On that day the root of Jesse will stand as a banner for the peoples. The nations will seek Him, and His resting place will be glorious.

Jesus Christ is the banner for God’s people, who rally to Him from every nation! Around His cross we are unified, encouraged, and instructed. It is through Jesus that we experience spiritual victories. Apart from His work and His intercession, we have no hope.

Adapted from Exalting Jesus in Exodus by Tony Merida

Monday, November 13, 2017

Music Monday: Be Exalted by Emerald Hymns

Book Review: Long Before Luther by Nathan Busenitz

As most of you are aware of, this year marks the 500th anniversary of the Reformation. This is the time where Martin Luther nailed his 95 Theses on the door of Castle Church. There have been many book on the Reformation for the past few years leading up to this anniversary as well as books on Martin Luther. There have some wondering, if gospel-centered theology came into the church during the time of the Reformation, how was the gospel taught before the Reformation. Was Catholicism the norm until Martin Luther came into the picture?

Nathan Busenitz has written a book that takes a look at the proclamation of the gospel prior to the Reformation. The book is titled Long Before Luther.

In the beginning of the book, Busenitz looks at whether gospel-centered theology was a new thing or something that needed to be revitalized. The answer is the Reformers were not looking to make a new religion, they were looking at going back to the Bible and the proclamation of the gospel, which teaches we are saved by faith alone. The Roman Catholic Church had a lot of confusion when it came to being justified which affected the people they were teaching. The Reformers were seeking clarity in Biblical Theology and what it truly meant to be justified.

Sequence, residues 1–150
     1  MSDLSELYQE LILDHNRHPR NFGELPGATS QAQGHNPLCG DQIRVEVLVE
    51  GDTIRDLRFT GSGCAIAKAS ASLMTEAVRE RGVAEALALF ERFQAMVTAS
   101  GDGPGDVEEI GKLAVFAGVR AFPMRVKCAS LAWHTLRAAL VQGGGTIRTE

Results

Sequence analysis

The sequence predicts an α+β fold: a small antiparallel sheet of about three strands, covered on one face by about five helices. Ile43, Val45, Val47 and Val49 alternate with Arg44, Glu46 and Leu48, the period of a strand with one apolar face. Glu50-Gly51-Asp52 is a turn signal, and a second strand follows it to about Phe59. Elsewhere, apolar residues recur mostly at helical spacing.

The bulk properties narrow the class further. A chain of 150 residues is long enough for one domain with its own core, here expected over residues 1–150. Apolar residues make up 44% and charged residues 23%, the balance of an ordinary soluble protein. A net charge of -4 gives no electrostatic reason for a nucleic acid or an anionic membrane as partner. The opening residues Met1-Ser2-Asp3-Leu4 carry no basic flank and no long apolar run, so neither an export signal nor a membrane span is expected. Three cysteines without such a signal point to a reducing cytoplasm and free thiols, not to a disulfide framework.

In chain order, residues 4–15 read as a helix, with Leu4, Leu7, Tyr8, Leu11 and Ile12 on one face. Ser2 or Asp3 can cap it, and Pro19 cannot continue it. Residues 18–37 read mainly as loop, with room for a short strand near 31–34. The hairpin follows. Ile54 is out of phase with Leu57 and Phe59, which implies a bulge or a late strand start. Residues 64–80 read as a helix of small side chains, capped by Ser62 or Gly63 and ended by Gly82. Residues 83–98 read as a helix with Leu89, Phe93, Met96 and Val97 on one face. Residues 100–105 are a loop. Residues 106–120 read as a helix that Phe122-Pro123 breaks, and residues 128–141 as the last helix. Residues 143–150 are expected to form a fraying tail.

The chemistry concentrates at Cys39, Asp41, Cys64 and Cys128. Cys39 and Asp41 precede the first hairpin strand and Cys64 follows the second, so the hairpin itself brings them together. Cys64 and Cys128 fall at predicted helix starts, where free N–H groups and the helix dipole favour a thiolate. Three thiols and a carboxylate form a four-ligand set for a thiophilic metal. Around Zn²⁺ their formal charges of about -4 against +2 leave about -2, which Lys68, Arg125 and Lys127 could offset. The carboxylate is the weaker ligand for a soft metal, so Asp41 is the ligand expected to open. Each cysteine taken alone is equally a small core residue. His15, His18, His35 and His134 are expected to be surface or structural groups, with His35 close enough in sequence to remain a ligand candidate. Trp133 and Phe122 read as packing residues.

Busenitz then addresses how theologians handled church doctrine in regards to justification and Christ being our ultimate sacrifice before Augustine came into the picture. Then he addresses what Augustine taught about justification and being saved followed by what was taught after Augustine passed away. Busenitz states that the Reformers were right in looking into Augustine's theology especially in how he viewed justification which was closer Biblically speaking than what the Roman Catholic Church taught.

Church History is very important for Christians to study. We must know what the church believed in the past and also did in regards to faith and practice. I am grateful the gospel was proclaimed properly before the Reformation, even though there were not as many voices as there during the time of the Reformation and centuries later. This is one book I highly recommend in one's study of Church History and the Reformation.

Thanks Moody Publishers for letting me review this book.

Friday, November 10, 2017

Thursday, November 9, 2017

Jared C Wilson On What Jesus Does With Your Sin

1. He Condemns It.

Jesus puts a curse on sin. He marks its forehead.

Romans 8:3 – “For God has done what the law, weakened by the flesh, could not do. By sending his own Son in the likeness of sinful flesh and for sin, he condemned sin in the flesh.”